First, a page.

The message here is that it is important for you to keep track of time spent in the U.S. in each calendar year and to make an assessment each year as to if the “closer connection statement” or another U.S. tax filing is required.

Investing in U.S. Marketable Securities

If you invest in U.S. marketable securities, such as stock of a U.S. corporation that trades on a public stock exchange, this will generally not result in adverse U.S. income tax consequence—provided that your investments are made as portfolio investments and any trading does not rise to the level of carrying on a trade or business in the U.S. This means that capital gains realized from the disposition of such stocks will not be subject to U.S. tax. However, as a Canadian you will still be subject to Canadian tax on such gains. If the stocks pay dividends, the dividends will be subject to a withholding tax when they are paid to you. The Canada – U.S. Income Tax Convention (“the Treaty”), generally reduces this tax to 15%. Where the proper amount of tax is withheld at source and you have sufficient income taxed in Canada, the U.S. withholding tax can be claimed as a foreign tax credit on your Canadian tax return and should therefore not result in any overall increased tax burden.

If you have a Tax-Free Savings Account (TFSA) and hold U.S. marketable securities in your TFSA, any capital gains, dividend income, or interest income that you realize on these assets will be tax-free for Canadian tax purposes. However, the U.S. does not recognize the tax-free status of the TFSA, and if dividends are paid on the shares, U.S. withholding tax will still apply. This is a good reason to hold dividend-paying U.S. stocks outside a TFSA, such as in a non-registered account or even in an RRSP. There is a provision in the Treaty that allows an RRSP to receive such dividends without U.S. withholding tax. This makes it less costly to hold U.S. dividend-paying stocks in an RRSP as long as you have alternate assets that you can hold in your TFSA.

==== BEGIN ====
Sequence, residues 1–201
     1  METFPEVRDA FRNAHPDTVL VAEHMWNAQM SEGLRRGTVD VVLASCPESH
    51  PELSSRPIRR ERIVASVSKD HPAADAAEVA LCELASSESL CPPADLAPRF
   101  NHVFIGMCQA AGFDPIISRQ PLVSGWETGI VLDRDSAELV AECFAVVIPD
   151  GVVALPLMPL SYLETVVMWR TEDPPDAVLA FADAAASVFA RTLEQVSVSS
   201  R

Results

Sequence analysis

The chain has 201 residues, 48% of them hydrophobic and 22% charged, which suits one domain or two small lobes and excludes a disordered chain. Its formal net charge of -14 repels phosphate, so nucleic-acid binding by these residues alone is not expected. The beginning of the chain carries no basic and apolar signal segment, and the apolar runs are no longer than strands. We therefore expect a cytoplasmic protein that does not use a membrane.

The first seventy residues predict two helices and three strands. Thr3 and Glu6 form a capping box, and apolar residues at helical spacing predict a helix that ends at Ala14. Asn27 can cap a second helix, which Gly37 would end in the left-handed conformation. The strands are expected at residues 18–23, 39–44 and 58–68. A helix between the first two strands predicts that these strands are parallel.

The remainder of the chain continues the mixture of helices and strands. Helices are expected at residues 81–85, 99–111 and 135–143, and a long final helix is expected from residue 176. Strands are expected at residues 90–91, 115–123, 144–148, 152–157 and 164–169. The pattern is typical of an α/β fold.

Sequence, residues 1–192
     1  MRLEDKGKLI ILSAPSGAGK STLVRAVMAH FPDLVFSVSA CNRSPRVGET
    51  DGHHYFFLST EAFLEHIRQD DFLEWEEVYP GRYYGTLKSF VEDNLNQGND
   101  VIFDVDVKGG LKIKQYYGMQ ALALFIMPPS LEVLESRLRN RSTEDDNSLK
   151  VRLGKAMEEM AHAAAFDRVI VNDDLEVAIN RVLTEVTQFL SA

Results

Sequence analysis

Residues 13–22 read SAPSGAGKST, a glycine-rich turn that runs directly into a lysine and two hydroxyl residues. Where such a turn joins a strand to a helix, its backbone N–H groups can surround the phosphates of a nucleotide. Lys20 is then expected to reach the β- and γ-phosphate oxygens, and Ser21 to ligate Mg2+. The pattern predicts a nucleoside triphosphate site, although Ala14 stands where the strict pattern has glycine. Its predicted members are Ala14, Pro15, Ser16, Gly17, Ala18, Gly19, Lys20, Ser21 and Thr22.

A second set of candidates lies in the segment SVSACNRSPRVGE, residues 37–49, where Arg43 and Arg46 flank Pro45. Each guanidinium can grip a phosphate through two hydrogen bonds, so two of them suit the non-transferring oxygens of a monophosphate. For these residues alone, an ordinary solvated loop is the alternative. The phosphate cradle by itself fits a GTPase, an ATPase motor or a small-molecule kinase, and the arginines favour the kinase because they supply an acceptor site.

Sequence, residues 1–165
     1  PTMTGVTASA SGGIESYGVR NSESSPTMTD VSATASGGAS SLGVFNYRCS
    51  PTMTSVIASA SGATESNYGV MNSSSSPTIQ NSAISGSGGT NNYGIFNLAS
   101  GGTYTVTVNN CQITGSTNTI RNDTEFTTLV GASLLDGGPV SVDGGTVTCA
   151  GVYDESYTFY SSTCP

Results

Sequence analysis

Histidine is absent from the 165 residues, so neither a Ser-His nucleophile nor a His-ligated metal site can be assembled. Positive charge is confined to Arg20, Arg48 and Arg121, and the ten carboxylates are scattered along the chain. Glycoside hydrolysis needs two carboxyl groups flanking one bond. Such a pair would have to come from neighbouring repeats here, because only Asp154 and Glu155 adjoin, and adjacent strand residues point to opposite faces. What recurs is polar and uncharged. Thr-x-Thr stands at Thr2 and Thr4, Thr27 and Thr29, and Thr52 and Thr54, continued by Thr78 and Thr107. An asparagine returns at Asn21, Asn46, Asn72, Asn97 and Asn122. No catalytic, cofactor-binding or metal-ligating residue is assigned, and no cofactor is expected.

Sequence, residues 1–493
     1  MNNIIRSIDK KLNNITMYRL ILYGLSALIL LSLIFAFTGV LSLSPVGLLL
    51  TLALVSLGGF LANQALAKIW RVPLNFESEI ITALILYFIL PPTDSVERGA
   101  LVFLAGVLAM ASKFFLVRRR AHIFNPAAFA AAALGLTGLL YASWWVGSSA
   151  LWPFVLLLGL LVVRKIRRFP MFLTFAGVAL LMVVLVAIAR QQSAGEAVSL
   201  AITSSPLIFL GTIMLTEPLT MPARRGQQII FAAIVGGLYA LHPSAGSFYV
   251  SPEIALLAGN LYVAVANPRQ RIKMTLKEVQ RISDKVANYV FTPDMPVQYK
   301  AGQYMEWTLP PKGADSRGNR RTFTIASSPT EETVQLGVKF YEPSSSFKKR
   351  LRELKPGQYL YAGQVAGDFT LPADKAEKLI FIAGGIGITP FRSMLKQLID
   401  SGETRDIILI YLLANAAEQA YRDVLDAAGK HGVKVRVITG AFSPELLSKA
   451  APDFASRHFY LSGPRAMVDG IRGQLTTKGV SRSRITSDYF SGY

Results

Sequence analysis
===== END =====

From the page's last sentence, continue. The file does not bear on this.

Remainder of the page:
Unlike Canada, the U.S. has an estate and gift tax regime. Generally, under this regime, assets held by an individual at death will potentially be subject to estate tax based on the value of such assets at that time, without reference to their original cost. This regime applies to Canadians who own certain U.S. investments, and not just to U.S. residents. Your estate could be subject to paying estate tax if you personally hold U.S. marketable securities at the time of your death, regardless of whether the securities are held in registered account such as an RRSP, RRIF or TFSA, or in a non-registered account. Please see our Tax Bulletin U.S. estate tax issues for Canadians for further information.

Investing in a U.S. residence

If you decide to buy a U.S. personal-use property, you will also need to be concerned about U.S. taxes in three situations:

  • if the property is rented
  • if you sell the property
  • if you die owning the property